In the deep north of Southern Africa’s driest country, Namibia, about 10km from the Angolan border, live an elderly farming couple and their 10 adopted children, who watch the sky every day for rain. If the heavens do not open in another three weeks, they will not have enough food this year.
Pearl millet, the staple grain in northern Namibia and known as mahangu in the local language, is a drought-tolerant grain grown in semi-arid and arid areas.
But Evard Haukongo, 67, wants just the right amount of rain. In the past four years, he and other farmers in the Omsati region have struggled with floods. In the years before 2007, dry spells claimed their precious millet and many of their livestock.
“Farming is very hard now, it is a tough job - they say the climate is changing,” he said, wiping the sweat off his forehead as he pulled weeds from the sandy soil of his five-hectare smallholding.
It is early in the morning but you can almost bake a loaf of bread in the heat. The tender green millet plants, only 60cm high, growing out of the dry ground do not really stand a chance.
“Me and my wife are the last of the farmers in our family - this will die with us,” he said. Their own five children have all grown up and “found their own ways”, as his wife, Mirjam, put it, and settled in towns.
“Maybe if they [the adopted children] want to farm they will divide our land into 10 pieces and grow vegetables,” he said, laughing.
He looked on fondly as five of his adopted children set off for school. Despite not being related by blood, the children are close and share everything - from wild berries picked after school to every slice of bread.
Evard and Mirjam converse in English because they trained as teachers.
The goal was to return to their village to farm their land, and teach in the neighbouring school.
“We are farmers by birth - it is what we are - but we also loved to teach. We were teachers for some hours every morning [for two decades] and then farmers for the rest of the day,” said Mirjam, digging her spade into the ground. “If we did not plant we did not eat.”
The money they earned as teachers was not enough to feed and clothe their five children. Now, retired and living on a monthly pension of about US$137, they barely have enough to cover the needs of 10 children.
All the children - from the eldest, who is 20 years old, to the youngest, just three years old - spend most of their day tending the millet plants. “When we have mahangu we feel we are rich, even if we do not have money,” Evard said.
The subsistence farmers gave a home to the 10 children, passed on by dying or poor parents who were either friends or distant relatives. They also opened their home to me for a day and a night.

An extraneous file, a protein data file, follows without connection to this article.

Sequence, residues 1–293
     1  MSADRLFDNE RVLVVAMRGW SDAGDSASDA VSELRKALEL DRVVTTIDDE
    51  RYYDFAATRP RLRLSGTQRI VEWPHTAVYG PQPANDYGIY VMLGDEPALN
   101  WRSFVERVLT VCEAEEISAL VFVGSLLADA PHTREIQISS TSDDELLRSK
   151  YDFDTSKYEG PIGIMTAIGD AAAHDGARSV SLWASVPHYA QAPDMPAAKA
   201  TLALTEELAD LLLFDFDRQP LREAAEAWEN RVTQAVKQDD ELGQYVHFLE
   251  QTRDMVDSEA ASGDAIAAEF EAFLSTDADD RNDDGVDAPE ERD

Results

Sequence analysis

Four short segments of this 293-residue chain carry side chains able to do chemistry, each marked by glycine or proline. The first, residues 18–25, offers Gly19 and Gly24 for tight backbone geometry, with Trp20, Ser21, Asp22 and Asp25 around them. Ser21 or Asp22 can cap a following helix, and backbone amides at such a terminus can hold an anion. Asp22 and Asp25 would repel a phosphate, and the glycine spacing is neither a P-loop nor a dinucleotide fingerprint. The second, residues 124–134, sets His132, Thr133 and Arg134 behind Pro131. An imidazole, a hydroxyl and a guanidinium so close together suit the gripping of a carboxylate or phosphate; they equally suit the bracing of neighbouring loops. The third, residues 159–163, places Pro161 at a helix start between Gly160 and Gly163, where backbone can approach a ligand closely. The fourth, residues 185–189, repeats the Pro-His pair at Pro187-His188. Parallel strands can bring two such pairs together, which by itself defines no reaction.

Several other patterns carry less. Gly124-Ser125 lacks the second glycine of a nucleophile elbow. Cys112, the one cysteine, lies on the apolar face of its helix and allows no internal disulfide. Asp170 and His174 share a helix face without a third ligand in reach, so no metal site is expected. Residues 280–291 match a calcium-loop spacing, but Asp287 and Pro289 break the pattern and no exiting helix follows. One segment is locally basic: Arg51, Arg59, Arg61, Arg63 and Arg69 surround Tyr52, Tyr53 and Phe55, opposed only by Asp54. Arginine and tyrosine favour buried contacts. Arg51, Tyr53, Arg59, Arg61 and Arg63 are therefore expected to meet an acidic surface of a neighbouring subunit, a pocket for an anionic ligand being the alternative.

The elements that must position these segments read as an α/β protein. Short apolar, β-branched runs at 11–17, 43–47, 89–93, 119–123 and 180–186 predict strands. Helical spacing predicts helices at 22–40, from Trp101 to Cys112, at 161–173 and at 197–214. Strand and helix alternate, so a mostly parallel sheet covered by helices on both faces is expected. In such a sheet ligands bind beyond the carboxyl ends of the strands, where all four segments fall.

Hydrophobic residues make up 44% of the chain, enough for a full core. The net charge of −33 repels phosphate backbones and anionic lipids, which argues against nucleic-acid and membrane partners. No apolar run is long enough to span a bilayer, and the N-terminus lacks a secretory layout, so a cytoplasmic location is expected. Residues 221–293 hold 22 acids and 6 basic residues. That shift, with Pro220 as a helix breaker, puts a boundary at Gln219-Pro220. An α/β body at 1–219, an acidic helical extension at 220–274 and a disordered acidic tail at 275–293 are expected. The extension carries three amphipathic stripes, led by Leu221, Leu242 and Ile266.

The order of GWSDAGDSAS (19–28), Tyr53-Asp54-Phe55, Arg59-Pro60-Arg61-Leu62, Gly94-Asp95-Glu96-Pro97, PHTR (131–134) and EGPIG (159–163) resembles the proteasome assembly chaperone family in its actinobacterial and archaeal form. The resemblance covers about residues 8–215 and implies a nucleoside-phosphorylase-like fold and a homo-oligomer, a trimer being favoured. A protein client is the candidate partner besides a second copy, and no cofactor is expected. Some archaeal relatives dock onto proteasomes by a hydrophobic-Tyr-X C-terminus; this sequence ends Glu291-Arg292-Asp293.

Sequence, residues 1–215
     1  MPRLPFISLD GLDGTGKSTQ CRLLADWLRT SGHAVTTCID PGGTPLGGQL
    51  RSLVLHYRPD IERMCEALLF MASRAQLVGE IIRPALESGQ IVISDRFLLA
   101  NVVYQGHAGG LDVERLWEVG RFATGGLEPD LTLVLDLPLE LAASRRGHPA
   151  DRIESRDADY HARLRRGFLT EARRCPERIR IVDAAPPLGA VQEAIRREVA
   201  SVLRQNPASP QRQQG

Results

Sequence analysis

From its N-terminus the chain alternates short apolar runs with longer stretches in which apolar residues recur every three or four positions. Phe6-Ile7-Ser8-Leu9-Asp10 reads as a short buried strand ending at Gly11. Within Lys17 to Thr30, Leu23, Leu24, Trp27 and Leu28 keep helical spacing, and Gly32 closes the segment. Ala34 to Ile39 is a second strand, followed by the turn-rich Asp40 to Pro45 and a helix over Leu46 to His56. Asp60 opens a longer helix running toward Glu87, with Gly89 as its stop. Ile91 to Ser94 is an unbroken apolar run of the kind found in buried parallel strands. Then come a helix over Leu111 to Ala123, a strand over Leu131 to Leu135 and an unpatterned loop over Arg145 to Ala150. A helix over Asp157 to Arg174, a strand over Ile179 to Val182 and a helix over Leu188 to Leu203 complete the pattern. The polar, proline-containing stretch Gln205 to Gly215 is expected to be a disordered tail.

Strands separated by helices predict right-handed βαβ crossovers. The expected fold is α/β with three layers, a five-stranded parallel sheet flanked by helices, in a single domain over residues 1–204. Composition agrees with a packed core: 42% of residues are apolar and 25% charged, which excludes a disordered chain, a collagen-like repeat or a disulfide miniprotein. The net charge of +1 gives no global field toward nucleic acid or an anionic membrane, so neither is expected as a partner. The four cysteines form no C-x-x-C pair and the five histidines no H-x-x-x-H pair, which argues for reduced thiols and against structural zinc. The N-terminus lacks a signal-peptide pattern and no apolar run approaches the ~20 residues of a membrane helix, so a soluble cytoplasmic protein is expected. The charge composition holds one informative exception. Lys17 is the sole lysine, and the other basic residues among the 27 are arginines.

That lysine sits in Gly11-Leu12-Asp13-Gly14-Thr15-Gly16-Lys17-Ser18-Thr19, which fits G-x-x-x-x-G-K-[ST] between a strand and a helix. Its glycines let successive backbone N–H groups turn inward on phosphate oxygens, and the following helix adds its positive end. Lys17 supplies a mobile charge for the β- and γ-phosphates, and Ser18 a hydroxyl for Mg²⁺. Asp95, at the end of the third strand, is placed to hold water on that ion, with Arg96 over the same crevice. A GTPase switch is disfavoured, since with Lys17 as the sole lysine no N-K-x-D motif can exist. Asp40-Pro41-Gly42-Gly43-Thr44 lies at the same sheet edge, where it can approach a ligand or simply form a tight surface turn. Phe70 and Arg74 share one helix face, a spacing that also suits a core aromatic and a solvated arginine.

“Maybe it was HIV [that claimed some of the parents], I am not sure, but there are many children in our village [Ohendjeno]. Every house has many children - you do not leave them like that [orphaned].”
Namibia has an HIV prevalence rate of about 13 percent among adults aged 15 to 49 years, according to 2009 figures from UNAIDS.
The children either want to be nurses, teachers or doctors. Rachel, their eldest daughter, who works part-time as a shop assistant, loves farming. “When you see the mahangu on the field it is very beautiful,”
Things might be looking up for small-scale farmers. The Namibian government, with the help of a pilot climate change adaptation project run by the UN Development Programme (UNDP), is providing improved millet seeds that fruit earlier, and teaching water conservation farming techniques. Evard’s family is among 3,200 households who have been targeted.
He has tested the techniques on a small patch of his land, where the millet started fruiting within a month. “You can see the difference - the millet was planted in the furrows, so the roots have better access to the moisture and can survive in the heat.”
He was also given fertilizer, which he used to enrich the barren soil in the test patch. “I have no money to buy fertilizer for all the plants - but any little help is good,” he commented
Andreas Shimbolweni, manager of the UNDP project said the government provided subsidized fertilizer and seeds, but "The rains are extremely variable in this part of the world and the climate change trends predict they will continue to become even more variable."
Weather is king, said Kaunapawa Shapenga, the government’s agricultural extension officer for the region, on a visit to the Haukongo smallholding. “We never know what to expect - we have tried so many things… but we are giving out [seeds for] faster maturing varieties of millet, so at least the farmer does manage to grow something.”
Farmers have also experimented with cultivating rice in the some of the flood plains, or oshanas, found in the midst of the arid land, which remain flush with water for most of the year. “You cannot grow anything else in these plains but rice,” Shapenga said.
However, many of these farmers faced opposition from communities because the oshanas were communal land used for grazing, so “very few continue to grow rice.”
Evard and Mirjam said a solution would have to be found, if not for them then for their children, and perhaps rice was an option. “We will need to barricade the oshanas, protect them from animals, convince communities,” Shapenga suggested.
“But we cannot live without mahangu,” Mirjam said. Later that night, after a dinner of mahangu and a chicken killed in this reporter's honour, Evard pointed to a group of stars, the position of which tells them when to plant. “The stars are midway in the sky, which means half the rainy season is over and we just have two more months.”
Everyone looks up at the night sky in silence. The next morning an excited Evard wakes me up at the crack of dawn. “I saw a dark line in the sky above Angola, which means the rains will be here soon - maybe another three weeks." He took a deep breath. "Maybe we will be okay.”